Post by Christie Post by JNugent
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Post by Christie Post by JNugent Post by Christie Post by Yellow
Along with the sprouts.
I just knew that if I waited long enough I'd find someone who actually liked
I suppose there must be quite a few of you about really because how else
would sprouts continue to be an almost obligatory vegetable option with the
Christmas dinner? But it remains one of the few vegetables that haven't been
able to 'grow into', even after making an effort to do so.
Up north, parsnips are, in my experience, rarely seen. Yet in London and
the sahf, they are as obligatory in Christmas Dinner as sprouts. I was
31 and had never eaten a parsnip (not sure I'd even seen one) until I
was served some on a works-outing for Christmas Dinner. On sight, I
assumed they were just more potato (albeit oddly-cut pieces), but th
over-sweet taste caused me to ask a fellow diner what they were.
I still don't like them, though I've been served them many times during
the intervening decades.
Post by Christie Post by JNugent
I am, however, not at all fond of the various dark cabbages. I've never
Same with me, I also have never like those cabbages - and I don't think
that's ever going to change.
Post by JNugent
But white cabbage is good - uncooked, of course - in salads.
Same with me again. I like white cabbage (and red) shredded in salads. And
I've even got into eating cooked white cabbage which I've found can be a
nice change presented in a dinner. It's usually available as an option
close by Toby Carvery and when eating there I always scoop up some of that
to add to my plate now.
Plenty of parsnips on the stores here in Scotland. I only like them if they
are thoroughly roasted. If not they taste dreadful. I never understood how
people like them boiled.
That is exactly how I feel about parsnips. Well roasted, their sweetness is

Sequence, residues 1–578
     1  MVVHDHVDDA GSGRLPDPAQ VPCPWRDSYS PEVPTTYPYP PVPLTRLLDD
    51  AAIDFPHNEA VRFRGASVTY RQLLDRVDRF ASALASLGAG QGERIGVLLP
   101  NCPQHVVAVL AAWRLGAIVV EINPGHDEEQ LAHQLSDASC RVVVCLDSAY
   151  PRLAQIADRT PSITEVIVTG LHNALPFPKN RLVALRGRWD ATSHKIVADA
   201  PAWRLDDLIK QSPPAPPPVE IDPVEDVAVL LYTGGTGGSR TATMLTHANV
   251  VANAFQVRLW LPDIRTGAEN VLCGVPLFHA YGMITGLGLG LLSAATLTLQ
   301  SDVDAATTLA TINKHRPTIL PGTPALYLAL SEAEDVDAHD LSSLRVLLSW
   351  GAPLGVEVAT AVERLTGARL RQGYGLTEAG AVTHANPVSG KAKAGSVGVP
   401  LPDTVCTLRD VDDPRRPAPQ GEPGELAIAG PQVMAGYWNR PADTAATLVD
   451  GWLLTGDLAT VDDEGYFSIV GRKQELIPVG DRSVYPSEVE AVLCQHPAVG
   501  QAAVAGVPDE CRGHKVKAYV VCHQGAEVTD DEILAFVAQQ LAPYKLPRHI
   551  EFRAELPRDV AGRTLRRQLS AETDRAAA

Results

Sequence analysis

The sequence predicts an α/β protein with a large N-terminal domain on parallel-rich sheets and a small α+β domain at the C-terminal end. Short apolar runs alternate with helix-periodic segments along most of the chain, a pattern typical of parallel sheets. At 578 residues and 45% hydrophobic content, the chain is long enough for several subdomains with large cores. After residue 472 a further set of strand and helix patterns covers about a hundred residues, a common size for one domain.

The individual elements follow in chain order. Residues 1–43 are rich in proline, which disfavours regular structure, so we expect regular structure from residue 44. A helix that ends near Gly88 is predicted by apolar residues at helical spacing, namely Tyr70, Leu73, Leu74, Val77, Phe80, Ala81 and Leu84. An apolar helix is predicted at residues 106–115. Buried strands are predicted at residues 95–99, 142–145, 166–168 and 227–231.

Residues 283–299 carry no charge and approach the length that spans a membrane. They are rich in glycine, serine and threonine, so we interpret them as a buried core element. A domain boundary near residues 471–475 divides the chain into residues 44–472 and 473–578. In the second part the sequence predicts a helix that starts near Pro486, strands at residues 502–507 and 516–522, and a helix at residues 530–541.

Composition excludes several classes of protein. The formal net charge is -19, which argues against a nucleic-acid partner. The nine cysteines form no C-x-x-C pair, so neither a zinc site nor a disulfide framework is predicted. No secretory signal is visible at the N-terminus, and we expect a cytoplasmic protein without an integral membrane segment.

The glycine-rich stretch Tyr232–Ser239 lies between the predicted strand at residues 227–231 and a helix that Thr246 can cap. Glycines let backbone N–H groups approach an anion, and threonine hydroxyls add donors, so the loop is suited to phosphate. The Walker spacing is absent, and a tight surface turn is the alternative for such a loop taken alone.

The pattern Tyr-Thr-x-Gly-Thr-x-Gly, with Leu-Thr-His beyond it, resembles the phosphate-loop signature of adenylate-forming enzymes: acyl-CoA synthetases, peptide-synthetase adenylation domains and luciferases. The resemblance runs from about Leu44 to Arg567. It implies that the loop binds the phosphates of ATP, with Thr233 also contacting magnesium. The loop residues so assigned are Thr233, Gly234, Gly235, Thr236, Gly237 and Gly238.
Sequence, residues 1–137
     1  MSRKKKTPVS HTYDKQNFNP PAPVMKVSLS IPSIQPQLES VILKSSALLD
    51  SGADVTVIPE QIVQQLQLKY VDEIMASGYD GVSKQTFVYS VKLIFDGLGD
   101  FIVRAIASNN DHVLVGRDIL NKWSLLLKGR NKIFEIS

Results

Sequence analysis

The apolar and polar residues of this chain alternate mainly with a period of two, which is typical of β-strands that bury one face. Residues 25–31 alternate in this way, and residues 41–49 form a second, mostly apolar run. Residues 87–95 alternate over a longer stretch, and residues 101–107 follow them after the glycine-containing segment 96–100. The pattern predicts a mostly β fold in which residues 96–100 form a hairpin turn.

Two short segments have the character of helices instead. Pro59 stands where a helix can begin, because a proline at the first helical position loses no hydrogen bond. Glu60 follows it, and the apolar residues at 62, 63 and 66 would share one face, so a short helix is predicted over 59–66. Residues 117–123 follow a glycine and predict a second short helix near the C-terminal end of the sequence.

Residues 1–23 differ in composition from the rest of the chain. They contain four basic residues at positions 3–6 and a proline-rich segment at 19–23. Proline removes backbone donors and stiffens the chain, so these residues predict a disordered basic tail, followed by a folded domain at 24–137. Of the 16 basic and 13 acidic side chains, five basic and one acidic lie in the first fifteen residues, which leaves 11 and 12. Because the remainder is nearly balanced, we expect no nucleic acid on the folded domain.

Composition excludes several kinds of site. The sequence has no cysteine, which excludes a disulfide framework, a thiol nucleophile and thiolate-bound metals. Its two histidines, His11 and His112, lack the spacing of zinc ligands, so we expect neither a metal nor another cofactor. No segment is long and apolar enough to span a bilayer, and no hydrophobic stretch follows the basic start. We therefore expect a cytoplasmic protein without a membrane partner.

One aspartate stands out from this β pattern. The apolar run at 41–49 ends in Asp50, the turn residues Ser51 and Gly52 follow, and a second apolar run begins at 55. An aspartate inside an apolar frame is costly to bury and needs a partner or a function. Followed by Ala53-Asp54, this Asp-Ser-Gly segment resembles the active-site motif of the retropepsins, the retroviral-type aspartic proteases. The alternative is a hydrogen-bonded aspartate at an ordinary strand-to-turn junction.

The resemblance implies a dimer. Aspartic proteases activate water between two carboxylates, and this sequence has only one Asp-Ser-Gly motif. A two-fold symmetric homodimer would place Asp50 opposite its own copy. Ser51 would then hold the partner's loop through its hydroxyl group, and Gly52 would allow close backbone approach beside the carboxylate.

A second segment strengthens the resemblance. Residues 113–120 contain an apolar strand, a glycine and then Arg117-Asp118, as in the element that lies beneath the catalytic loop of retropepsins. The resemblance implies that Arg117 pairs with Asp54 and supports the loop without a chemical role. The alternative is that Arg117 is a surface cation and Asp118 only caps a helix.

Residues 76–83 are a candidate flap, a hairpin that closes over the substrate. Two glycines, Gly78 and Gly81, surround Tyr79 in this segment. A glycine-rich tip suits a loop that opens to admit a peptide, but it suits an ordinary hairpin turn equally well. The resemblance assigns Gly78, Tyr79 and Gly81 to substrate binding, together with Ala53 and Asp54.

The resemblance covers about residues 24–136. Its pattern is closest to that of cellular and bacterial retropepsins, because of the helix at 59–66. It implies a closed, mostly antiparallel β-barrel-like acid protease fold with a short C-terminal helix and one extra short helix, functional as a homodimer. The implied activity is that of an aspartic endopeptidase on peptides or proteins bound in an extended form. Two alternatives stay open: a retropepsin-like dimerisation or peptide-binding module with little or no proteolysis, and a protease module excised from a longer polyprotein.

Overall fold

nice and welcome (slices of small ones, honey-roasted are absolutely
delicious). But boiled parsnip I just leave where it is (same with boiled
swede) - I can't rescued them with any amount of butter and/or salt.
Now swede is a different kettleofish:) I am quite happy with it boiled.
Actually I have never roasted it. Do you roast it the same way as potatoes
It's something I've never attempted nor even seen. But swede is one of my
Dad's favourites, and for many a year I've faced it with a Sunday dinner.
Always boiled and mashed... I just don't like it.
Anyway, I've just had a quick look online and came across this quite
promising recipe of Delia's (it's got a massively long link that will no
doubt be shredded when posted):
I like the quote: "It has been said that even children will eat swede when
it tastes this good." I'm sure this is a vegetable, like sprouts, that I've
been well put-off of as a child and have consequently never come round to
liking. But roasting swede with a bit of cheese might well transform it in
the same way that roasting parsnips makes all the difference.
I'm going to actually buy a swede, try out that recipe and see what it
tastes like - it'll be a complete new experience for me. :)
I just serve it boiled and dressed with plenty of butter and salt. I love
Delia and have all her books .. but not here:)
btw the link works fine:)
I need to have another look through that book.
Thanks for the recipe though, I will try it out when we get home:))
Do report back though if you try it first.